An independent audit released Friday revealed that the failure by the Massachusetts RMV to suspend the license of a 23-year-old truck driver accused of causing a New Hampshire crash in June that killed seven people, was part of a decades-long failure by the agency to stay on top of alerts from other states about Massachusetts residents who broke traffic laws.

It also revealed some documents were withheld from the investigating firm by MassDOT attorneys, who claimed attorney client privilege on more than 50,000 records, according to the report.

Attorney General Maura Healey told Boston Public Radio on Tuesday she has concerns that documents were withheld by MassDOT lawyers from the report.

"On this issue, as I understand it, there were documents that this law firm withheld, this law firm that was hired to do [an] internal investigation of RMV, withheld based on attorney client privilege," said Healey. "So those documents are being withheld. Of course it is the case the RMV or others could waive that privilege and just produce those documents. Frankly, I think this is probably, if there's going to be an instance where that could happen or maybe should happen, this is a public safety issue. I haven't looked at the audit report, I don't know all the specifics. But as a general matter, if you're claiming attorney client privilege, you also have the prerogative and right to waive that."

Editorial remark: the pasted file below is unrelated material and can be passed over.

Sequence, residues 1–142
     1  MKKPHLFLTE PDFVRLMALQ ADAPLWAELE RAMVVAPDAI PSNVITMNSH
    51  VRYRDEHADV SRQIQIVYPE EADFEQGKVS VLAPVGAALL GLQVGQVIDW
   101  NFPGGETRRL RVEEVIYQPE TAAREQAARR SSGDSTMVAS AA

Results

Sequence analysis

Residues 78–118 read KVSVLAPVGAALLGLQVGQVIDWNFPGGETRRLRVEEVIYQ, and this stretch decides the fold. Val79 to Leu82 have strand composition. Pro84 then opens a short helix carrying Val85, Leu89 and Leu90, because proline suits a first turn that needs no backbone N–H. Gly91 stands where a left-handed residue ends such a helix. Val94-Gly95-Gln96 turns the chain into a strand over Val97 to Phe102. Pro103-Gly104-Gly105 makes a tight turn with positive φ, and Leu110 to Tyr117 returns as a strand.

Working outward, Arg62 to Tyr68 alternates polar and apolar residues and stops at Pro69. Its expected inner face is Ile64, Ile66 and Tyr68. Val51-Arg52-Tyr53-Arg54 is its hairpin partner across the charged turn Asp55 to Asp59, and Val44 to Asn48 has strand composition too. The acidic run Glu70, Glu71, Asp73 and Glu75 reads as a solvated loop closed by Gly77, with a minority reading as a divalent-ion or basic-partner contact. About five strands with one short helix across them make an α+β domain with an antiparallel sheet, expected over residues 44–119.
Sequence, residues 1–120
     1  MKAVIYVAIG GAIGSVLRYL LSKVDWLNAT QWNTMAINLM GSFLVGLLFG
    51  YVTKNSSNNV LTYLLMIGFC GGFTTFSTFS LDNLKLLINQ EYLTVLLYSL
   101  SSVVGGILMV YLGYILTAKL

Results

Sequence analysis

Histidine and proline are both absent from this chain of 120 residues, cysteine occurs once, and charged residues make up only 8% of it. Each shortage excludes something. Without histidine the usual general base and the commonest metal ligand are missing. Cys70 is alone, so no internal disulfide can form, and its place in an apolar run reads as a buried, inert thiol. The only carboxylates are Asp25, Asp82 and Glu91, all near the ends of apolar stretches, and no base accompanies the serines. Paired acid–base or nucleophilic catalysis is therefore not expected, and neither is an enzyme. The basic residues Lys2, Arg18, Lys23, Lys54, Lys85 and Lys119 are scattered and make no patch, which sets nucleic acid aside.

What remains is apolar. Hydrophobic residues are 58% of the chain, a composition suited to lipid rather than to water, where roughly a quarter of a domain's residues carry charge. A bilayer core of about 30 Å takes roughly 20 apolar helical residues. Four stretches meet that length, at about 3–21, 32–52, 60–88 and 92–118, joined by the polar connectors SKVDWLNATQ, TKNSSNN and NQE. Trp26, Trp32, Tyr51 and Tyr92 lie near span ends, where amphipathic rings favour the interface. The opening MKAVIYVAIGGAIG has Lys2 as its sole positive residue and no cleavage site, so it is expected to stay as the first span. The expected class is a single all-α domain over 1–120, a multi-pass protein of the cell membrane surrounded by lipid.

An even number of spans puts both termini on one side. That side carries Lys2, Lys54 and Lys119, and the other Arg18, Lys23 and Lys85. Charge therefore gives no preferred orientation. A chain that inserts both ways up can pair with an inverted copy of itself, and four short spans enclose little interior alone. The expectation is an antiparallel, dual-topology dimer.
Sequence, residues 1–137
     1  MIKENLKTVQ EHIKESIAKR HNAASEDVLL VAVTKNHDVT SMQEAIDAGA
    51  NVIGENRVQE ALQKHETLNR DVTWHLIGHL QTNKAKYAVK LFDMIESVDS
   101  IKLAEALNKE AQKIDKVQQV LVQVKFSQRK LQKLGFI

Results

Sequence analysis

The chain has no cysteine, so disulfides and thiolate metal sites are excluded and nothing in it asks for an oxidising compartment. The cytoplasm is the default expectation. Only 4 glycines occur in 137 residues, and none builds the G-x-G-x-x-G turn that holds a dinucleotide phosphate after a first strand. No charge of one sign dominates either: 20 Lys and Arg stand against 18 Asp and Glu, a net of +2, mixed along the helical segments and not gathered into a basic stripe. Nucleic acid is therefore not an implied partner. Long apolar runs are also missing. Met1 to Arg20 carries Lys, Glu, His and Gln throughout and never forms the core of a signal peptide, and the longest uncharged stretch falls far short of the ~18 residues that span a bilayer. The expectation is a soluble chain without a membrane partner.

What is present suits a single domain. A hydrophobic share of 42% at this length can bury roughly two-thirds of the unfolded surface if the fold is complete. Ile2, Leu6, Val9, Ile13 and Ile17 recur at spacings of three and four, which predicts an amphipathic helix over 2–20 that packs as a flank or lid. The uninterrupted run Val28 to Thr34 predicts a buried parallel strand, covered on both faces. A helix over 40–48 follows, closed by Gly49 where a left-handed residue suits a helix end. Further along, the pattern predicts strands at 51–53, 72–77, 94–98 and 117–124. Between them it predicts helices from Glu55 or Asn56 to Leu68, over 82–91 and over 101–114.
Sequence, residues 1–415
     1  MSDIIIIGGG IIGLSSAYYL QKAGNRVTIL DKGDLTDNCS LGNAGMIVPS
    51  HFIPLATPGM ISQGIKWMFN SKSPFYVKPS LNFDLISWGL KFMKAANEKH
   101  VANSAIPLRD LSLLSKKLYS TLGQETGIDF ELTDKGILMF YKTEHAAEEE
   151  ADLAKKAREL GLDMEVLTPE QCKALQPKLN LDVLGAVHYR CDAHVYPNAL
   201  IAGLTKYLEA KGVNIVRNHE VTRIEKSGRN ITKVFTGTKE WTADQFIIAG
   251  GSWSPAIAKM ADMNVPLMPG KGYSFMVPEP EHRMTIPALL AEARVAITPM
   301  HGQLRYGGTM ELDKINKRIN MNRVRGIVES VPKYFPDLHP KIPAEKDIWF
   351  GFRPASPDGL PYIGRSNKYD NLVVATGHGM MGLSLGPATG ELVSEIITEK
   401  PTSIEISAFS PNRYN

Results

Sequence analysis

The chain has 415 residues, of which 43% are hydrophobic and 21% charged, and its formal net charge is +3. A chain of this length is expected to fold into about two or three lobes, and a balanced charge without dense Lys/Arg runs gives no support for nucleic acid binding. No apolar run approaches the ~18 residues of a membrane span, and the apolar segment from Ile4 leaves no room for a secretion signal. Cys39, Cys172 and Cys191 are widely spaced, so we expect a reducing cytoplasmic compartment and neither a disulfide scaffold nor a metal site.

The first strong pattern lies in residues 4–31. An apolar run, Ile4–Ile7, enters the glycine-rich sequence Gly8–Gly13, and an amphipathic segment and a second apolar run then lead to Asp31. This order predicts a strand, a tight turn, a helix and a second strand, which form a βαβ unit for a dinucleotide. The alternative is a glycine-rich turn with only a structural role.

Gov. Charlie Baker and Transportation Secretary Stephanie Pollack hired the auditing firm Grant Thornton in June as the scandal at the Registry of Motor Vehicles unveiled in the wake of seven motorcyclists’ deaths. MassDOT released the 106-page Grant Thornton audit at around 4:40 p.m. on Friday.

"Grant Thornton neither obtained nor reviewed documents that the MassDOT General Counsel classified as privileged," according to the report. "Grant Thornton, however, requested and obtained from the MassDOT General Counsel both a privileged log and a signed representation stipulating that the withheld records are subject to legal privilege."

During her interview, Healey also discussed Gov. Charlie Baker's vape product ban, safe injection sites, and took calls from listeners about various consumer issues.